More Arab Students in East Jerusalem Seeking Israeli Matriculation Certificate

Now that separation barrier makes it hard to get to West Bank universities, Arab students need Israeli exams to get into Israeli colleges.

Nir Hasson
Nir Hasson
Israeli students taking their matriculation exams in 2011.
Israeli students taking their matriculation exams in 2011.Credit: Alon Ron
Nir Hasson
Nir Hasson

An increasing number of Arab high school students in East Jerusalem are seeking to earn an Israeli matriculation certificate, according to data presented by the EduAction independent education policy forum at a conference in Jerusalem Wednesday.

This year 1,934 East Jerusalem teens are in classes geared toward the matriculation exam, compared with 1,392 students in 2013. The number is expected to increase to 2,200 next year, according to the education conference.

The rise in demand for an Israeli matriculation (bagrut) certificate has been attributed to the completion of the separation barrier between Jerusalem and the West Bank, which makes it difficult for East Jerusalem students to reach universities in the West Bank. Without an Israeli matriculation certificate, they can’t study at Israeli colleges and universities either.

Moshe Tur-Paz, director of the Jerusalem Education Administration, told of visiting a school in the Arab neighborhood of Beit Hanina school two weeks ago with Mayor Nir Barkat.

“The mayor asked one of the students what he does in the afternoon, and we expected him to say he plays soccer, but instead he said he goes to a class to study for the Israeli bagrut and he pays 12,000 shekels ($3,100) to this private school,” said Tur-Paz. “That was a watershed moment for us. We understood that it’s our obligation to offer this option. We are not imposing it on anyone, but we have to offer it.”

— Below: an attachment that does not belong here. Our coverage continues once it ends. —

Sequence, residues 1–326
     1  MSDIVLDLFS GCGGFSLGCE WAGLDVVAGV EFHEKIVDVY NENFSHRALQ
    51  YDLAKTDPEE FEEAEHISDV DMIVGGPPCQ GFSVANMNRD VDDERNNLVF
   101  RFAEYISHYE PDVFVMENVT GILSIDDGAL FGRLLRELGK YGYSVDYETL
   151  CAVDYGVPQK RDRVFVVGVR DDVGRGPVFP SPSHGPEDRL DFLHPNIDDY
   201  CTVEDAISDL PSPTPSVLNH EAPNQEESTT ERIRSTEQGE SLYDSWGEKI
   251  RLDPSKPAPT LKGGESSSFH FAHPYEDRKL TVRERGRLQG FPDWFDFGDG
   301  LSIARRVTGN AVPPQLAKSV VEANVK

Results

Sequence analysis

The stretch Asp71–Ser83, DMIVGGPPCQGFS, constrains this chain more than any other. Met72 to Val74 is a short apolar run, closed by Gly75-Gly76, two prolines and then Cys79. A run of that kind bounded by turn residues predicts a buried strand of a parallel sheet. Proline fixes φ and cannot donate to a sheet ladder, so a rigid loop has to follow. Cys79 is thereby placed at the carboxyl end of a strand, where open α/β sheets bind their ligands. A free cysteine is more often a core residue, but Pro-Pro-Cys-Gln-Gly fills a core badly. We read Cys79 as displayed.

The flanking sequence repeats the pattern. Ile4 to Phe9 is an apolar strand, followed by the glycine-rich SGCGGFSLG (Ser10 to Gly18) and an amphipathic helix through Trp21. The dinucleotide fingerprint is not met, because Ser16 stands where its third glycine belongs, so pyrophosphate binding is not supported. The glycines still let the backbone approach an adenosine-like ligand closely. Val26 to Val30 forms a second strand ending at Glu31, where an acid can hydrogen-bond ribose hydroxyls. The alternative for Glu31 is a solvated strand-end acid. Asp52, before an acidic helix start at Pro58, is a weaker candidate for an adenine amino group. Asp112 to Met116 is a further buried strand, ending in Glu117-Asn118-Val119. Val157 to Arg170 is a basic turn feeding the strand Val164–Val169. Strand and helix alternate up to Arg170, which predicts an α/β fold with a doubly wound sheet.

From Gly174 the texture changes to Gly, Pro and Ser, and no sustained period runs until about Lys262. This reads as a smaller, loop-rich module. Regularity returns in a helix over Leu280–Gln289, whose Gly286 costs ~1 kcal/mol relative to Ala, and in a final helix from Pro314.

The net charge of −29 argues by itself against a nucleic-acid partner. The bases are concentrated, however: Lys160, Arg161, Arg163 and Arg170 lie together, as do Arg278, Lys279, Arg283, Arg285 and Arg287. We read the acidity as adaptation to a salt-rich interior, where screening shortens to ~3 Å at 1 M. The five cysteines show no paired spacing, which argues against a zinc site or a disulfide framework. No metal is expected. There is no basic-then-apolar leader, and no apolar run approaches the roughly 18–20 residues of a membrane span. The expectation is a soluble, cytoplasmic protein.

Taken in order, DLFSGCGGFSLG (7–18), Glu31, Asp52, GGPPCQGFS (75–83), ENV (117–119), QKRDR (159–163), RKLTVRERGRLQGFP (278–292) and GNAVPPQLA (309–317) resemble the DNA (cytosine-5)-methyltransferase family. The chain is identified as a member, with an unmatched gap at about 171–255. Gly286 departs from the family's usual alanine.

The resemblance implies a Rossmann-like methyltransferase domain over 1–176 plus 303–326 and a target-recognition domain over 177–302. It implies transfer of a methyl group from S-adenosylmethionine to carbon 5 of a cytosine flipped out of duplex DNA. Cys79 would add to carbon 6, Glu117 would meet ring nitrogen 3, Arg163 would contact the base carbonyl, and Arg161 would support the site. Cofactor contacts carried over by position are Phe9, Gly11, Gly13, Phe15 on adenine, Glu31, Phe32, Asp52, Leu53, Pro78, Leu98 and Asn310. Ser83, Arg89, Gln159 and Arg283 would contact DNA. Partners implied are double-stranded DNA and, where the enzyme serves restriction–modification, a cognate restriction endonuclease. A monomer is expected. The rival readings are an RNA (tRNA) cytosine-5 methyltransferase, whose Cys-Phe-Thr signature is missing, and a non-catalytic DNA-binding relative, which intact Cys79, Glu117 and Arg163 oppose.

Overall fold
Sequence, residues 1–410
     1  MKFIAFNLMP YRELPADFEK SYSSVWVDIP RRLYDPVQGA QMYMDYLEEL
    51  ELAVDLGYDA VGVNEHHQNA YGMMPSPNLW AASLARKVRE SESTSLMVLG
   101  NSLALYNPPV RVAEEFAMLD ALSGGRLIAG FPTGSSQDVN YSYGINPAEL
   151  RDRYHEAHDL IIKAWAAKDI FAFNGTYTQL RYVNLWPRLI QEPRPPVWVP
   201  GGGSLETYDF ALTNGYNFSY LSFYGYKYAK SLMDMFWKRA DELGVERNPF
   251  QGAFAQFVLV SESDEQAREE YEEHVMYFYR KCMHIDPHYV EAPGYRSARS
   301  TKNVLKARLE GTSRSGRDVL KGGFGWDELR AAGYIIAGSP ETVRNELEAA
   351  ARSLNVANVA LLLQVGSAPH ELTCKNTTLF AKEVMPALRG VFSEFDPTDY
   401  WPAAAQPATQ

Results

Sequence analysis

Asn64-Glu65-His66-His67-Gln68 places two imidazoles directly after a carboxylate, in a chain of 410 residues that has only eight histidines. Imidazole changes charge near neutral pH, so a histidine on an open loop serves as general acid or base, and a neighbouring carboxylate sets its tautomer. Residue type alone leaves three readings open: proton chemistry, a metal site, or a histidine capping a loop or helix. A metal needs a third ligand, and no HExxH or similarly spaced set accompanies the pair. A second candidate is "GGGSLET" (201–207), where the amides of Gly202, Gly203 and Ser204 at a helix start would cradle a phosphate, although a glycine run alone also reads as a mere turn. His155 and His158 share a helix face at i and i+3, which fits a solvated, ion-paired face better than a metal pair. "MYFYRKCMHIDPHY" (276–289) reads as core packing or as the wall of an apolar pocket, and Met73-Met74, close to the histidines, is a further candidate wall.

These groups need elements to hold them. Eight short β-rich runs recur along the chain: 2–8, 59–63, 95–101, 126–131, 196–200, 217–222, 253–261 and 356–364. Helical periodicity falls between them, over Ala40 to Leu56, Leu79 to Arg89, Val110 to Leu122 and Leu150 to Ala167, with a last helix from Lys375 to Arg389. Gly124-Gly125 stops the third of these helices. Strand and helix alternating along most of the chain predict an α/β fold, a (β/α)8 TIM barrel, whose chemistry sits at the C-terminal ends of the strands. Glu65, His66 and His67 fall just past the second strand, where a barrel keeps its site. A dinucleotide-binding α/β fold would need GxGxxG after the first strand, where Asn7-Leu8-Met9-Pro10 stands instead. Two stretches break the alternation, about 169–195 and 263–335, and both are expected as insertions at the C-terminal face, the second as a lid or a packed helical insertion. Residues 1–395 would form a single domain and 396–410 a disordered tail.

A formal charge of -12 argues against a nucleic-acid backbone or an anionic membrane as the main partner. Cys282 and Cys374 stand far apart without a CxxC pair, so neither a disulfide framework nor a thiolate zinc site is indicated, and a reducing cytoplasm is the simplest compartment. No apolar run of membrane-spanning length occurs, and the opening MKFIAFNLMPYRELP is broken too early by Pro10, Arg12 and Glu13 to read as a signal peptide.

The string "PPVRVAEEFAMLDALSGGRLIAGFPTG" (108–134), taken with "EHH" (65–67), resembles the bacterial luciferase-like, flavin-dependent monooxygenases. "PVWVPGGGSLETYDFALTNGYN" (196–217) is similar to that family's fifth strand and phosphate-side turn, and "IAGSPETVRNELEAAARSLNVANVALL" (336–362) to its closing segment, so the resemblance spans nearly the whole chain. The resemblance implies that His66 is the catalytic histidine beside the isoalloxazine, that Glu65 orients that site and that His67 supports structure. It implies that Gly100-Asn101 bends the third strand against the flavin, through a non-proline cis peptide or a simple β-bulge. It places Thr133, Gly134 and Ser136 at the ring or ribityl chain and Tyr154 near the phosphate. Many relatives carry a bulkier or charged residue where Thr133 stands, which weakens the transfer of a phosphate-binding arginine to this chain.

Over the past few years at least 10 private institutes have sprung up offering after-school courses to help East Jerusalemites pass the Israeli exams, but last year the Education Ministry and the Jerusalem municipality began encouraging schools to either switch over to the Israeli curriculum or providing financial incentives to schools offering a bagrut track. Next year the city is planning to open a secondary school in Beit Hanina that will teach the Israeli curriculum.

While the plan was to open just two seventh-grade classes, 220 students registered and now the plan is to open seven classes for grades 7 and 8.

In the 2015-2016 school year, the Israeli curriculum will be studied in 88 classes in six schools, a significant increase from three years ago, when about half the number of classes in two schools offered bagrut classes.

These numbers represent only around 5 percent of the pupils in the East Jerusalem school system — most students at East Jerusalem high schools take the Palestinian matriculation exams, called the tawjihi — but the fast pace of the increase indicates that change is underway.

In recent weeks, the Education Ministry and police have begun to implement a plan to extend the school day in 10 East Jerusalem high schools to either 4 P.M. or 6 P.M. in a bid to reduce the violence that has plagued East Jerusalem this year.

Click the alert icon to follow topics:



Automatic approval of subscriber comments.

Subscribe today and save 40%

Already signed up? LOG IN


Yair Lapid.

Yair Lapid Is the Most Israeli of All

An El Al jet sits on the tarmac at John C. Munro International Airport in Hamilton, Thursday, in 2003.

El Al to Stop Flying to Toronto, Warsaw and Brussels

An anti-abortion protester holds a cross in front of the U.S. Supreme Court in Washington, D.C.

Roe v. Wade: The Supreme Court Leaves a Barely United States

A young Zeschke during down time, while serving with the Wehrmacht in Scandinavia.

How a Spanish Beach Town Became a Haven for Nazis

Ayelet Shaked.

What's Ayelet Shaked's Next Move?

A Palestinian flag is taken down from a building by Israeli authorities after being put up by an advocacy group that promotes coexistence between Palestinians and Israelis, in Ramat Gan, Israel earlier this month

Israel-Palestine Confederation: A Response to Eric Yoffie